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The first six dancers are Keara Wilson, creator of the “Savage” dance; Shayné and Zhané Stanley, known as the Nae Nae Twins and creators of the “Savage Remix” dance; Young Deji, creator of “The Woah“; Mya Johnson and Chris Cotter, creators of the “Up” dance; Fullout Cortland, the choreographer behind Doja Cat’s 2020 Billboard Music Awards performance; and Chloe Arnold, choreographer of “Salute a Legend” for Syncopated Ladies.
The dancers, who were surprised with the news Wednesday evening at a dinner hosted by Logitech and the JaQuel Knight Foundation, also received preliminary labanotations — a score that documents human movement through symbols in specific patterns — of their dances. Meridith Rojas, the global head of creator and entertainment marketing at Logitech, told The Hollywood Reporter that the final labanotations, which must be submitted with the dancers’ applications to the U.S. Copyright Office, will be completed in six to eight weeks. From there, it could take another six to eight weeks for the governmental agency to review the applications.
The move to copyright these dances come as Black TikTok creators have engaged in a “strike” to call attention to how they are often not credited for their creations of viral trends and dances on the app.
In a recent interview with THR, Knight — who choreographed the dances to “Single Ladies,” “Formation” and “WAP,” among many others — acknowledged that copyright for dance is “extremely complicated” and must focus on a sequence of movements, rather than a singular move. But the act of copyrighting highly popular and successful dances is meant to help protect dancers and help them ensure they can monetize their dances — especially when major corporations and other commercial players want to capitalize on a creator’s original dance.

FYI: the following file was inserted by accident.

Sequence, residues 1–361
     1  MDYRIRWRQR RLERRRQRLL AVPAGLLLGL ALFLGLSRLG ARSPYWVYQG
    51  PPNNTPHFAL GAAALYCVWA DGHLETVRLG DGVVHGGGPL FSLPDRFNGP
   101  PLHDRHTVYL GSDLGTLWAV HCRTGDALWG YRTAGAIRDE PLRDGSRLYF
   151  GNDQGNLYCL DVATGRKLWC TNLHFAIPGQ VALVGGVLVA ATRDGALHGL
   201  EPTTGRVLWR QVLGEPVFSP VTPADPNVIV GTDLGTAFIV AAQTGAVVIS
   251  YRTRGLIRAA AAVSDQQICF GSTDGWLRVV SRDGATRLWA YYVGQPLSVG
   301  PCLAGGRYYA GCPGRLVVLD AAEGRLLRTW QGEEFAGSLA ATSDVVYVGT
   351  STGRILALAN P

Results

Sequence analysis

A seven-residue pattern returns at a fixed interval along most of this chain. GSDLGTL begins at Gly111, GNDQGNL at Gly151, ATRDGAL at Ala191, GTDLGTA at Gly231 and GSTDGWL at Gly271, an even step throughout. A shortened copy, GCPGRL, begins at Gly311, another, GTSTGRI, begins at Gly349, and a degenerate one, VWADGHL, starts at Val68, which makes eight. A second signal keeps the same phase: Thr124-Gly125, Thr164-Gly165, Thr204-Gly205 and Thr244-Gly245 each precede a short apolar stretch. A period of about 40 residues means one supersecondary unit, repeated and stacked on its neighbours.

“If you’re creating a move, it becomes the street’s, it becomes the culture, it becomes the people’s move,” Knight said. “The issue comes in when people start to make money — millions of dollars — off of your sequence.”
Knight said he wants to ensure that popular dances get compensated and recognized in the same way that viral hit songs do.
“We’re seeing the dance being the main character, and in the end, the dance is not getting compensated how the other supporting characters or the background actors are,” he said. “It’s all about starting to treat and respect the choreography in the same way that we’re respecting the music.”
As part of the partnership, Logitech is also funding a short film — led by Knight’s J.K. Creatives Inc., Mary Pelloni and Rojas from Logitech for Creators — that will document a group of creatives as they seek copyrights for their work, as well as share Knight’s journey last year toward copyrighting his choreography for “Single Ladies (Put a Ring on It).”
“We are here to empower creators to share their stories and JaQuel’s story needs to be heard,” Rojas said in a statement. “We share JaQuel’s mission of driving change and conversation about creative copyright, and we’re taking steps to support this monumental work. This is not a film about dance, it’s a film about change, justice and fighting for creator rights.”
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